Practice/Industry Group Overview
Financial services firms that carry on regulated activities in the UK and the individuals that perform controlled functions for those firms are regulated by the UK's Financial Conduct Authority (‘FCA') under the UK Financial Services and Markets Act ('FSMA') regime. The FSMA regime (as amended by the Financial Services Act 2012) has introduced a further regulator, the Prudential Regulatory Authority ('PRA') for dual-regulated firms such as deposit takers and insurers.
The immediate outcome of the banking crisis was the more 'intrusive' and intense policing of the FSMA regime by the FCA's predecessor (the FSA) in the UK, with the FSA seeking to make judgments on the judgments of the senior management of its regulated firms. This pro active regulatory approach has been reinforced with the UK's Financial Services Act 2012 giving the FCA additional powers to intervene and take action against the firms and the individuals that it regulates.
There has also been greater international co-ordination and co-operation between national regulators in relation to policy and individual cases with the US's Dodd-Frank Act also providing the US regulators with greater powers and 'reach'.
We work closely with firms and their individuals in:
- Scoping the extent that the FSMA regime applies to any activities and promotional activity that they may want to carry on in the UK
- Establishing new financial products and services that comply with any applicable UK regulations
- Applying for the appropriate FCA (and PRA) Authorisations and Approvals in relation to any regulated activities carried on in the UK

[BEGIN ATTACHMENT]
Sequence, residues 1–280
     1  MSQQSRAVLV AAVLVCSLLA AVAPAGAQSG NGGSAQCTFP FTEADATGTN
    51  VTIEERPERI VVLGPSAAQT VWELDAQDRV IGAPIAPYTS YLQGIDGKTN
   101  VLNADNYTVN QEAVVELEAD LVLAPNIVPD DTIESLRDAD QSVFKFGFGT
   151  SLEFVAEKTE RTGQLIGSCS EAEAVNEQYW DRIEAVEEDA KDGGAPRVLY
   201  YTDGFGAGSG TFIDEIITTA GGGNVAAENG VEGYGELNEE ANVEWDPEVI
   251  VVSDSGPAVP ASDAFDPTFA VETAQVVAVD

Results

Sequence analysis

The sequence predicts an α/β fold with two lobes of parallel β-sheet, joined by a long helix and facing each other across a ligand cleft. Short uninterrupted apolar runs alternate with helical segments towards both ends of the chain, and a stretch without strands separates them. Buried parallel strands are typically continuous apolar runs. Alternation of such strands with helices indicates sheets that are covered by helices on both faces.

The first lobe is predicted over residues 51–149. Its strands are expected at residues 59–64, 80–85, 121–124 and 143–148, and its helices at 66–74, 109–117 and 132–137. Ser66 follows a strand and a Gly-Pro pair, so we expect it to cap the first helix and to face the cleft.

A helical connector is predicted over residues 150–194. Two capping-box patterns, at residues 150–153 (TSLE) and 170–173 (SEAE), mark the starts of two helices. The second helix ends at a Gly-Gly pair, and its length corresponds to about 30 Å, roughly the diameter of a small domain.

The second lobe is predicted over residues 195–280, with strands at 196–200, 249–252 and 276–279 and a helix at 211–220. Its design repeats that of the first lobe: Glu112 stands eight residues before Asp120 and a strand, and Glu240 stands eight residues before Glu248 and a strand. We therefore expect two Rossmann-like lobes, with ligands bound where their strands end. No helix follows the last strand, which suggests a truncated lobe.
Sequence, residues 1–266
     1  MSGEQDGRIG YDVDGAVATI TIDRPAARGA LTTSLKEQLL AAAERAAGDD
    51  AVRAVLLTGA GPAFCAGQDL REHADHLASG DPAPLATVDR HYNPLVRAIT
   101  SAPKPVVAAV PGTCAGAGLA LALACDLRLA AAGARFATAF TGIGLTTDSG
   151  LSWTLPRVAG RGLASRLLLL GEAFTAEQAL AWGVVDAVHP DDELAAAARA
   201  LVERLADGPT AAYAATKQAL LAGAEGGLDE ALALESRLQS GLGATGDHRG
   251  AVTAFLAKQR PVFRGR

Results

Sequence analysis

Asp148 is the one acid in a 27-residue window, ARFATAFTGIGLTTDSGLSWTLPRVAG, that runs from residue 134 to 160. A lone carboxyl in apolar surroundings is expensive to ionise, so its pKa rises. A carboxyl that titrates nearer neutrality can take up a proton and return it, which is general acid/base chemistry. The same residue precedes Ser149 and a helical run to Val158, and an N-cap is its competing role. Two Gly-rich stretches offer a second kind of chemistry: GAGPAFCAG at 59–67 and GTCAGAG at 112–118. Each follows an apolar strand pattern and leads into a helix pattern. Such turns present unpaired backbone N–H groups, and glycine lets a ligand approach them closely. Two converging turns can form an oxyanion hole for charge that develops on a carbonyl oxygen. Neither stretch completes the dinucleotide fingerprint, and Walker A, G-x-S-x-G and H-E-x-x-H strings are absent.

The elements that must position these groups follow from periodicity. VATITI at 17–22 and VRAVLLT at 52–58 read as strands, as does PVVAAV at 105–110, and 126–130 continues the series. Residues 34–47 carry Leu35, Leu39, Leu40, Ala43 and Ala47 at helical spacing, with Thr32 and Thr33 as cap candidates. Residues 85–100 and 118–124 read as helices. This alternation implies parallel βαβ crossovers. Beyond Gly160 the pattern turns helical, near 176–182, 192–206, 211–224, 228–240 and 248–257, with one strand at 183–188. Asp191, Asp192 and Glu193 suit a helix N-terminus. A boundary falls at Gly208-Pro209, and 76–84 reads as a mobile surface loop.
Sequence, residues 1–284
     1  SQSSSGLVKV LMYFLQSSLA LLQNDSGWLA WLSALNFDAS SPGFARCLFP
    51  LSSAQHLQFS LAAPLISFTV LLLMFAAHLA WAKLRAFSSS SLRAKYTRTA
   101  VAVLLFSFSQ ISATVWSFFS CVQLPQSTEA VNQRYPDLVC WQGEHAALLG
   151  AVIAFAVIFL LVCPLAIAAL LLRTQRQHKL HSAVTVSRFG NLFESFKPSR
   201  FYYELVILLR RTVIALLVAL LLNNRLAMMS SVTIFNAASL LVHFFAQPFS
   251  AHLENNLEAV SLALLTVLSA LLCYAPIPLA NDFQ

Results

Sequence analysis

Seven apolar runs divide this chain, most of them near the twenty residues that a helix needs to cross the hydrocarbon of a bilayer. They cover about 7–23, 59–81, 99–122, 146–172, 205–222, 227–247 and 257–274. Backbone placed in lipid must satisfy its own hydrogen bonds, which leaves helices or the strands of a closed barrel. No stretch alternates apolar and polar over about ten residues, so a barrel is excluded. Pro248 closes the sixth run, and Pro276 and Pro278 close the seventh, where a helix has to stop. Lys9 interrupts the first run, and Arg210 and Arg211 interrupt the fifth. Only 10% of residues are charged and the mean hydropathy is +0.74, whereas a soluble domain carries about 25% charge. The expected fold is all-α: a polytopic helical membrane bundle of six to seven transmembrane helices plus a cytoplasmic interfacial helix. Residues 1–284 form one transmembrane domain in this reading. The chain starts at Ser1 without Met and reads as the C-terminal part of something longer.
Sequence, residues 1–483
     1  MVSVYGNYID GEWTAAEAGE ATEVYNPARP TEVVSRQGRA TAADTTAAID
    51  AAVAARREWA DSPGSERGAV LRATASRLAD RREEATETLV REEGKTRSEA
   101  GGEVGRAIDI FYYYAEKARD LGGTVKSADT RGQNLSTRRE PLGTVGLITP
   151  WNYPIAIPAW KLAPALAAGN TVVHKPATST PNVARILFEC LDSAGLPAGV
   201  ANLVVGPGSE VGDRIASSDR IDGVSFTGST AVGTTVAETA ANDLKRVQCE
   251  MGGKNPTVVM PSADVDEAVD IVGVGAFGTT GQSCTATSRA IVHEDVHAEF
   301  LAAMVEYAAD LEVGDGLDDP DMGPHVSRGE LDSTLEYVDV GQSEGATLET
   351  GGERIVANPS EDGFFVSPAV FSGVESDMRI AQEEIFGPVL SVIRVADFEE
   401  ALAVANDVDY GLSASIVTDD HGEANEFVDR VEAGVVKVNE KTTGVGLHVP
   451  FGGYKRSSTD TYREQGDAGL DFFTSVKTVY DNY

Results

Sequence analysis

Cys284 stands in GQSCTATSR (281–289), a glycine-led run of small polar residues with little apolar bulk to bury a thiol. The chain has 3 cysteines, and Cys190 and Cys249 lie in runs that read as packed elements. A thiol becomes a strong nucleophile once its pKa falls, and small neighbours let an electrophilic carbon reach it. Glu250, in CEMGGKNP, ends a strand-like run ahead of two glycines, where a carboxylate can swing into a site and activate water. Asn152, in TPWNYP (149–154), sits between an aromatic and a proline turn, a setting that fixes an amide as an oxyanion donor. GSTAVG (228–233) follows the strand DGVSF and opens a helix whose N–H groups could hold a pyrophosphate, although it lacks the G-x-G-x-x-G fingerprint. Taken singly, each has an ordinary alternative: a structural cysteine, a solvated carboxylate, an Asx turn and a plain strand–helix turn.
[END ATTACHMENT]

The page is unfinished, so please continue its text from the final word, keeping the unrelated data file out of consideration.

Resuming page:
- Providing ongoing regulatory advice in relation to the FCA (and PRA) Principles and Rules applicable to their FCA (and PRA) Authorisations and Approvals
- Handling any FCA (and PRA) Supervision and Enforcement inquiries and investigations that may affect them
- Defending FCA (and PRA) Enforcement proceedings against them
- Any related civil proceedings to regulatory actions
- Considering the international regulatory dimensions especially with the US.
Harvey Knight worked with the FSA's Authorisation, Supervision and Enforcement Divisions for six years. He ensures our team has a unique insight into the:
- Scope of the FSMA regime
- FSMA controller requirements
- FCA (and PRA) Handbook
- FCA (and PRA) Authorisation and Approvals Fit and Proper regime
- FCA (and PRA) ‘non routine' Approval applications
- FCA (and PRA) Authorisation, Supervision and Enforcement Divisions and the interaction between them
- FCA (and PRA) investigation and internal decision making processes
- Referrals to the independent Financial Services and Markets Tribunal
- Interaction between the regulatory regime and common law
- He and his team works closely with our US, European, Asian and BVI offices in providing an international as well as a national perspective, on and offshore.
Articles Authored by Lawyers at this office:
Does Brexit Spell the End for Cross-Border Operations for Financial Services Firms?
Alix Prentice,Colin Smith, July 21, 2016
A significant proportion of institutions regulated by the UK Financial Conduct Authority enjoy 'passport' rights under one of the EU single-market financial services directives, allowing them to provide services or establish a branch on cross-border basis in other EEA member states, without having...
AIM - The Market for International Companies
David Guin,Anthony Indaimo,Alan S. Jacobs,Ben Simpson, April 28, 2016
The AIM market (‘AIM’) of the London Stock Exchange plc (the ‘Exchange’) is targeted at growing international companies. AIM is an ideal public market for growing and entrepreneurial international businesses seeking to expand and raise their global profile.
Senior Managers and Certification Regime
Elaine Aarons,Harvey Knight,Meriel Schindler, March 02, 2016
On 7 March 2016, the first wave of the Senior Managers and Certification Regime will become effective. The senior management of all UK regulated banks, building societies and any regulated business that forms part of a banking conglomerate will be required to perform Senior Management Functions...
Privacy Shield Replaces EU-US Data Transfer Agreement
Kenneth Mullen, February 11, 2016
The EU and US have agreed a new arrangement, labelled the 'Privacy Shield', to enable the transfer of data between both regions. The new agreement replaces the 'Safe Harbour' deal, which was struck down by the European Court of Justice in October 2015.